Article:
Double-striped thick-knee

The double-striped thick-knee (Burhinus bistriatus) is a stone-curlew, a group of waders in the family Burhinidae. The vernacular name refers to the prominent joints in the long greenish-grey legs, and bistriatus to the two stripes of the head pattern.

Double-striped thick-knee
Flickr - Rainbirder - Double-striped Thick-Knee (Burhinus bistriatus), crop.jpg
Scientific classification edit
Kingdom: Animalia
Phylum: Chordata
Class: Aves
Order: Charadriiformes
Family: Burhinidae
Genus: Burhinus
Species:
B. bistriatus
Binomial name
Burhinus bistriatus
Wagler, 1829
Burhinus bistriatus range.png
  range

SubspeciesEdit

There are four subspecies, differing in size and plumage tone, but individual variation makes identification of races difficult.

Range and habitatEdit

It is a resident breeder in Central and South America from southern Mexico south to Colombia, Venezuela and northern Brazil. It also occurs on Hispaniola and some of the Venezuelan islands, and is a very rare vagrant to Trinidad, Curaçao and the USA. It prefers arid grassland, savanna, and other dry, open habitats.

DescriptionEdit

The double-striped thick-knee is a medium-large wader with a strong black and yellow bill, large yellow eyes, which give it a reptilian appearance, and cryptic plumage. The adult is about 46 to 50 cm (18–20 in) long and weighs about 780 to 785 g (27.5–27.7 oz). It has finely streaked grey-brown upperparts, and a paler brown neck and breast merging into the white belly. The head has a strong white supercilium bordered above by a black stripe. Juveniles are similar to adults, but have slightly darker brown upperparts and a whitish nape. The double-striped thick-knee is striking in flight, with a white patch on the dark upperwing, and a white underwing with a black rear edge.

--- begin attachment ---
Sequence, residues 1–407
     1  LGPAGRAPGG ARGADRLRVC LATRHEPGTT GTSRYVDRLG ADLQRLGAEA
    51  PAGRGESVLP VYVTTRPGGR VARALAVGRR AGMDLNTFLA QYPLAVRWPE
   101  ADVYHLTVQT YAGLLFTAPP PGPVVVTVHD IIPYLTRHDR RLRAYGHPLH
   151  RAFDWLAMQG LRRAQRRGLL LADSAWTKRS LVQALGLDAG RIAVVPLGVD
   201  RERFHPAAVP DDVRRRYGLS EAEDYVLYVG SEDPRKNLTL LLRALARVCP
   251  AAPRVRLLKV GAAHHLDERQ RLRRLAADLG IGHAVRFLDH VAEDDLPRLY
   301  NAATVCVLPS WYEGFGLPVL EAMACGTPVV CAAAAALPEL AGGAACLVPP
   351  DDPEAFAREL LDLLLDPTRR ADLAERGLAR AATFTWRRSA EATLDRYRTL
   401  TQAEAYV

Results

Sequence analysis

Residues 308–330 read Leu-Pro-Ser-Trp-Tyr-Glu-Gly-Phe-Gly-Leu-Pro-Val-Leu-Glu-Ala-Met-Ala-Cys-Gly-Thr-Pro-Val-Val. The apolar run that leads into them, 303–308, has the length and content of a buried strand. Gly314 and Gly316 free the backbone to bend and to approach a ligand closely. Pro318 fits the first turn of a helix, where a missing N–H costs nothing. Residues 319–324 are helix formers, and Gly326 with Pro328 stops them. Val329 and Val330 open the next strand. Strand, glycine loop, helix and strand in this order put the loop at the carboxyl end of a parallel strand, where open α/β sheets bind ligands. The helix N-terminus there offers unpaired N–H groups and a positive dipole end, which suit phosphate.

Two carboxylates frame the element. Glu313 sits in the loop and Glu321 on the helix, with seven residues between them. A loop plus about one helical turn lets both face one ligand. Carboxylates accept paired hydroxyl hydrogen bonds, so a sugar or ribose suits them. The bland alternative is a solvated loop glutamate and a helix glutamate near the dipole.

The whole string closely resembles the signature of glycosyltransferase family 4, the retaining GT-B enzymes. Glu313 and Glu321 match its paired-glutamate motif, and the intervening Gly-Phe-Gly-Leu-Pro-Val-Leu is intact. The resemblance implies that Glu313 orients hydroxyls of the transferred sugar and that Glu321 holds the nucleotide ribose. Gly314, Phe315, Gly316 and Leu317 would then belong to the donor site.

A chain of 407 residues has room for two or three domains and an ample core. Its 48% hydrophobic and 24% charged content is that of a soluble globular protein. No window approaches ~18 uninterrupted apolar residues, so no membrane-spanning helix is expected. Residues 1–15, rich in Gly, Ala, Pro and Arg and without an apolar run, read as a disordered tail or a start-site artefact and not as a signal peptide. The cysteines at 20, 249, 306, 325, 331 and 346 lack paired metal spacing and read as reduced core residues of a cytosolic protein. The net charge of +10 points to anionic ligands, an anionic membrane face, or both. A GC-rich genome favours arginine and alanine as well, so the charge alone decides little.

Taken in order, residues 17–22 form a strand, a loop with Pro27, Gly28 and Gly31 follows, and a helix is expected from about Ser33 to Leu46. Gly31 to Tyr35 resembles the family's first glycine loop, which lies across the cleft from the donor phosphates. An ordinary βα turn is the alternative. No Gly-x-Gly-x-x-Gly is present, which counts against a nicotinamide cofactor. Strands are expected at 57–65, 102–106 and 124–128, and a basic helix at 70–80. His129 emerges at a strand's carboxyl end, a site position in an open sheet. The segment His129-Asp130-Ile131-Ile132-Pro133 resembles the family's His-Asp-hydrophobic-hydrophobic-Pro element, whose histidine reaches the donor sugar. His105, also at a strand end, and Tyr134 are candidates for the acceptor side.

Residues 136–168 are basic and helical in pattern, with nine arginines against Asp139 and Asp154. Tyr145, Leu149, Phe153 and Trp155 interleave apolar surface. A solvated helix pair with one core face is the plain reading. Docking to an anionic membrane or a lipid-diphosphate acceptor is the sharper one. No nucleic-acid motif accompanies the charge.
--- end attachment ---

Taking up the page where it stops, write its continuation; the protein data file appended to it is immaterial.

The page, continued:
Habits and foodEdit

This is a largely nocturnal and crepuscular species. It flies only reluctantly, relying on crouching and camouflage for concealment. The double-striped thick-knee eats large insects and other small vertebrate and invertebrate prey. It is sometimes semi-domesticated because of its useful function in controlling insects, and has benefited from the clearing of woodlands to create pasture. The song, given at night, is a loud kee-kee-kee.

NestingEdit

The nest is a bare scrape into which two olive-brown eggs are laid and incubated by both adults for 25–27 days to hatching. The downy young are precocial and soon leave the nest.

ReferencesEdit

  1. ^ BirdLife International (2012). "Burhinus bistriatus". IUCN Red List of Threatened Species. 2012. Retrieved 26 November 2013.CS1 maint: ref=harv (link)
  • ffrench, Richard (1991). A Guide to the Birds of Trinidad and Tobago (2nd ed.). Comstock Publishing. ISBN 0-8014-9792-2.
  • Hilty, Steven L (2003). Birds of Venezuela. London: Christopher Helm. ISBN 0-7136-6418-5.
  • Stiles, F. Gary; Skutch, Alexander F. (1989). A Guide to the Birds of Costa Rica. Comstock Publishing Associates. ISBN 0-8014-9600-4.
  • Hayman, Peter; Marchant, John; Prater, Tony (1991). Shorebirds. Christopher Helm Publishers Ltd. ISBN 978-0-395-60237-9.

External linksEdit